Tuesday, April 26, 2011

Bazillion-Book-Selling Author Jodi Picoult Writes Lesbians: A Review of Sing You Home

Let me be upfront here. I downloaded this book onto my Kindle for one reason and one reason only: if a bestselling, straight lady author was going to take on gay lady issues, I needed to know if she could hack it. I needed to know how she was representing us to the Picoult cult of readers. 

Now, I have the utmost respect for Ms. Picoult - anyone who can sell that many books wins, no questions asked. And I've never been one to shy away from a good trashy/beach read (see the review of Sweet Valley Confidential below). But I have never, for some reason, been able to stomach Ms. Picoult's brand of writing. It just wasn't for me. But, with you, my dear readers, in mind, I decided I'd take one for the team. I'd read Sing You Home so you didn't have to!

So, can Jodi write lesbians? 

Surprisingly? Yes. 

Sort of. 

A very specific kind of lesbian, who we shall refer to as the "Ready for Prime Time Lesbian" (RFPTL).

Qualities of RFPTLs:

  • Pretty ladies who pass as straight ladies. Check!
  • Ladies who have previously dated men and therefore are not man haters? Check!
  • Ladies who obviously want to have babies, because that is what good ladies do even if they are lesbians? Check!
  • Femmes dating other femmes, or maybe one is androgynous kinda, but no butches? Check!
  • White. Obviously. Check!

Of course there are many more qualifications (please feel free to add them in the comments), but if you haven't been living under a rock lately, you know what kind of lesbian characters I'm talking about. 

Now, I know lots of lesbians who take umbrage with the fact that RFPTLs are the only ones portrayed in the media, but I'm going to go out on a limb here and say that I respect Picoult's decision here. She's no Ilene Chaiken. She's a straight lady who writes, primarily, for other straight ladies. RFPTLs are "ready for prime time" precisely because they are so relatable to the audience. They aren't out there gender bending or rabble rousing. They are...familiar. Safe. And while that's a cultural problem many of us may choose to take on, Picoult isn't playing for our team. 

But she does support the team in Sing You Home. And she's obviously done her research. I kept waiting for the AHA! moment, when I'd read something so utterly inauthentic that I'd have an excuse to hurl the book against the wall, angrily pound out a post here at Literally Lesbian, and call it a day.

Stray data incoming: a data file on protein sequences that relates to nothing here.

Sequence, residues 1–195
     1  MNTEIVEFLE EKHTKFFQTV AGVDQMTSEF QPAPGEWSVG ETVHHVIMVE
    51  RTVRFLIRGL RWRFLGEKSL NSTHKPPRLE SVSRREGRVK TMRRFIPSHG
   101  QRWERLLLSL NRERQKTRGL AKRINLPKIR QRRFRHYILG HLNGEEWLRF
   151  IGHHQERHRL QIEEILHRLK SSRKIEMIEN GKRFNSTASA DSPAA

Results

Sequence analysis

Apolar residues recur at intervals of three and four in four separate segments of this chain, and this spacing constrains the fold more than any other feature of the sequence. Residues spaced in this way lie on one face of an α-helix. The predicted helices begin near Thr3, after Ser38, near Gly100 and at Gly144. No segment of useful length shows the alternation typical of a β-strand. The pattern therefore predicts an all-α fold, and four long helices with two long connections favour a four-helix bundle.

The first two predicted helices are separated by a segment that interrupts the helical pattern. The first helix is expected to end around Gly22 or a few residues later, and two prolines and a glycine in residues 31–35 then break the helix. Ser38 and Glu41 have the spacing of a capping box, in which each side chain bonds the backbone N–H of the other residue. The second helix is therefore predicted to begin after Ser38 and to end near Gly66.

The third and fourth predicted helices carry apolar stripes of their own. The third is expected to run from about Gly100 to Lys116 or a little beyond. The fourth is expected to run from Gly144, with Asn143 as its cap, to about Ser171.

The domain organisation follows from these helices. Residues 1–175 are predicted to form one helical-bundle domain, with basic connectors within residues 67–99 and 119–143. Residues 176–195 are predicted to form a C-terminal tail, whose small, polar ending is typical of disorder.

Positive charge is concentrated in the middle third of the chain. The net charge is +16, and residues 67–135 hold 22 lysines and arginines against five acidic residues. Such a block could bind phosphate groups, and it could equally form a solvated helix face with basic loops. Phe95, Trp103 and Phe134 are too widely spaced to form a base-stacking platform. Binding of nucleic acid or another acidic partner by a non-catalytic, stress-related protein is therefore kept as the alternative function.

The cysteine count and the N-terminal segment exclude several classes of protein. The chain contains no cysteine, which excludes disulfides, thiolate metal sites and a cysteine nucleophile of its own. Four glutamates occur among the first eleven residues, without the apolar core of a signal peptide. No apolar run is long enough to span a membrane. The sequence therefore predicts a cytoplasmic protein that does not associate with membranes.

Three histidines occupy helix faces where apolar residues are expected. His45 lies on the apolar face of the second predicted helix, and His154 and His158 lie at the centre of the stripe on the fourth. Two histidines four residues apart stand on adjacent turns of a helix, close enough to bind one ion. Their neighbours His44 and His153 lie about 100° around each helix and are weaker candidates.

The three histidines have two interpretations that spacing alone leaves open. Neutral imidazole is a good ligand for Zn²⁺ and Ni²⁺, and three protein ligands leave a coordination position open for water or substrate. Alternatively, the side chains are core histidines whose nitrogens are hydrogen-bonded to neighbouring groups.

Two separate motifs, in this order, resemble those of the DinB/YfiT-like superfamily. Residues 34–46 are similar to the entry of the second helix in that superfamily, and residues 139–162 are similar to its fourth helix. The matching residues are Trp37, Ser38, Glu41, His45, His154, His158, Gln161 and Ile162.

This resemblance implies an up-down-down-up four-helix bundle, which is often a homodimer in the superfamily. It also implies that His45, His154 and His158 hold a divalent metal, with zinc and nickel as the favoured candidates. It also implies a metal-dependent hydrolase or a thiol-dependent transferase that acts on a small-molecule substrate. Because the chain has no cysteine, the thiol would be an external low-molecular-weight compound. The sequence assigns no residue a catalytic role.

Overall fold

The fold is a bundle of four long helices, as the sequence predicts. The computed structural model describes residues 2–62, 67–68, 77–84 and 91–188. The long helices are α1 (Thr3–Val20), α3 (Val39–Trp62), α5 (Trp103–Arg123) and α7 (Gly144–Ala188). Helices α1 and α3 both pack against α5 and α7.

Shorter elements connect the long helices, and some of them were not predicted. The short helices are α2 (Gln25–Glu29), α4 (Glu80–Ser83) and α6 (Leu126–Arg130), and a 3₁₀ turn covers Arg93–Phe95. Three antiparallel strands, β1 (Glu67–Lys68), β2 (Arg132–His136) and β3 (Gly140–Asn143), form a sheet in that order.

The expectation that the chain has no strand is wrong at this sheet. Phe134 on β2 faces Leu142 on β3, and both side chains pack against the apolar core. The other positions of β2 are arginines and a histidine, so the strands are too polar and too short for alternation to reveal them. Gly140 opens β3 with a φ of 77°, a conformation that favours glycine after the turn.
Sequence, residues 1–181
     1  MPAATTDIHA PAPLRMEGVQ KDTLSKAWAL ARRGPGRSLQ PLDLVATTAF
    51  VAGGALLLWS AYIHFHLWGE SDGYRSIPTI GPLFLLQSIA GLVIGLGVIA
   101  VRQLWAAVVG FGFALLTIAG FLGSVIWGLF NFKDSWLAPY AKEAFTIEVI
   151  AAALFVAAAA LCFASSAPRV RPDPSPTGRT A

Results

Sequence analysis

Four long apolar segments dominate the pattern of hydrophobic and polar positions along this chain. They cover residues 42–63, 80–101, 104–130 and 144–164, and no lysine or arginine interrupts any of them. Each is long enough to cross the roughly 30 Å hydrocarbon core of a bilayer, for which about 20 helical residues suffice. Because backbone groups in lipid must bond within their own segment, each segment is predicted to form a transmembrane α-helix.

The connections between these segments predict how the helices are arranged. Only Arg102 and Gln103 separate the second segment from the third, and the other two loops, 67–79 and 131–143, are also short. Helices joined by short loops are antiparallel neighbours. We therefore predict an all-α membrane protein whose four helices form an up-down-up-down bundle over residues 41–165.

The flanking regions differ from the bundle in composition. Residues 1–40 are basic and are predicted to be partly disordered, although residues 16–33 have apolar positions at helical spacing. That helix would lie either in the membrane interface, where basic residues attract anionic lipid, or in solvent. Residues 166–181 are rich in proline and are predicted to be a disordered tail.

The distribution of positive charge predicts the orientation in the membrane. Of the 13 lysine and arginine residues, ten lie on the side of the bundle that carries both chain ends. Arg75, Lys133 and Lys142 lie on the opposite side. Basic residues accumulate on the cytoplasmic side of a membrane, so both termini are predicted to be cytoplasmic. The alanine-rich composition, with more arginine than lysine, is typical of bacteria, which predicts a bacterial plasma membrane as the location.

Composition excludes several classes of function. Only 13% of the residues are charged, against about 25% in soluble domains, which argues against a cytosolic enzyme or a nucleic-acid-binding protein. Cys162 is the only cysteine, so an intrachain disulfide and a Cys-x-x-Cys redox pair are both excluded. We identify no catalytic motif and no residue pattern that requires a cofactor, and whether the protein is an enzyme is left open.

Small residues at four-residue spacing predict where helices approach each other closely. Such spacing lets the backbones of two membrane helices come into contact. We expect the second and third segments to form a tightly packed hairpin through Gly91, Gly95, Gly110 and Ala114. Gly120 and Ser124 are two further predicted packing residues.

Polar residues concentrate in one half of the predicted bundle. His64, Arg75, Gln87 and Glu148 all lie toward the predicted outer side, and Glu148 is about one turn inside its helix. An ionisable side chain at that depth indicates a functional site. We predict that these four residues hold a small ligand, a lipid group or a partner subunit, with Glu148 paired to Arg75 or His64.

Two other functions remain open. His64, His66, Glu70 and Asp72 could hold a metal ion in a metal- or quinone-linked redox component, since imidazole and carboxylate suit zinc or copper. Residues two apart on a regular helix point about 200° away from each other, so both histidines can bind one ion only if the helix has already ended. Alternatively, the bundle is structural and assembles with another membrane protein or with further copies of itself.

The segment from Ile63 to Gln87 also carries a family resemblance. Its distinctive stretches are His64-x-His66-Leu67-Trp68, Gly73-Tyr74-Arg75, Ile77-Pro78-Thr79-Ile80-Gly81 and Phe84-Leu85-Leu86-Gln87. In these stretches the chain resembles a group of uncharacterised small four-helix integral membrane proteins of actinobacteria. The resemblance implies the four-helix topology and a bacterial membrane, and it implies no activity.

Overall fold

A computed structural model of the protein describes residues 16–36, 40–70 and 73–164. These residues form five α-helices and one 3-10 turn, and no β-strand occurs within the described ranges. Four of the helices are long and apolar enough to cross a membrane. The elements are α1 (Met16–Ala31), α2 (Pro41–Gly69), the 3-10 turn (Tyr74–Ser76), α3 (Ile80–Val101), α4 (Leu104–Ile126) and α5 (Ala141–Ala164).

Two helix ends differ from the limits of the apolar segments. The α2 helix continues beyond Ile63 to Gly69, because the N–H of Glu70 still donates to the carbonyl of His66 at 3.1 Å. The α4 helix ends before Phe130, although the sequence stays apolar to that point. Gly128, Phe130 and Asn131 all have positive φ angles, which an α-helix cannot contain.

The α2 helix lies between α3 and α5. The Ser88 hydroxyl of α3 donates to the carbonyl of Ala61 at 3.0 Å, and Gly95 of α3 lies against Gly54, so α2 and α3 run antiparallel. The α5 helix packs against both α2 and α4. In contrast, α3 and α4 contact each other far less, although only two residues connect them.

But I didn't. I honestly believed that these characters were lesbians. In fact, both of them (because obviously there are only two lesbians in this world) reminded me of lesbians I've known, loved, or, let's be honest here, been. 

Which isn't to say this book won't make you, a real live lesbian, roll your eyes. These ladies put most U-Haulers to shame. But, overall, if you've got a high tolerance for RFPTLs, it might not be a bad book to pick up for a beach read or to give to your mom who is still processing your sexuality and the likelihood of you giving her grandchildren (I bought my mother a copy about five minutes after I finished reading it). At the same time, if you pass, you're really not missing anything groundbreaking. 


This book comes with a soundtrack of folksy songs written by Ms. Picoult. You can listen to them on her website or right on your iPad if you have one. 


A songwriter, Ms. Picoult is not. 

Zoe Baxter has spent ten years trying to get pregnant, and after multiple miscarriages and infertility issues, it looks like her dream is about to come true – she is seven months pregnant. But a terrible turn of events leads to a nightmare – one that takes away the baby she has already fallen for; and breaks apart her marriage to Max.
In the aftermath, she throws herself into her career as a music therapist – using music clinically to soothe burn victims in a hospital; to help Alzheimer’s patients connect with the present; to provide solace for hospice patients. When Vanessa – a guidance counselor -- asks her to work with a suicidal teen, their relationship moves from business to friendship and then, to Zoe’s surprise, blossoms into love. When Zoe allows herself to start thinking of having a family, again, she remembers that there are still frozen embryos that were never used by herself and Max.
Meanwhile, Max has found peace at the bottom of a bottle – until he is redeemed by an evangelical church, whose charismatic pastor – Clive Lincoln – has vowed to fight the “homosexual agenda” that has threatened traditional family values in America. But this mission becomes personal for Max, when Zoe and her same-sex partner say they want permission to raise his unborn child.
SING YOU HOME explores what it means to be gay in today’s world, and how reproductive science has outstripped the legal system. Are embryos people or property? What challenges do same-sex couples face when it comes to marriage and adoption? What happens when religion and sexual orientation – two issues that are supposed to be justice-blind – enter the courtroom? And most importantly, what constitutes a “traditional family” in today’s day and age?
Also – in a very unique move – readers will get to literally hear Zoe Baxter’s voice. I am collaborating with Ellen Wilber, a dear friend who is also a very talented musician, to create a CD of original songs, which will correspond to each of the chapters. This CD will be packaged with each hardcover book. So – literally – stay tuned!

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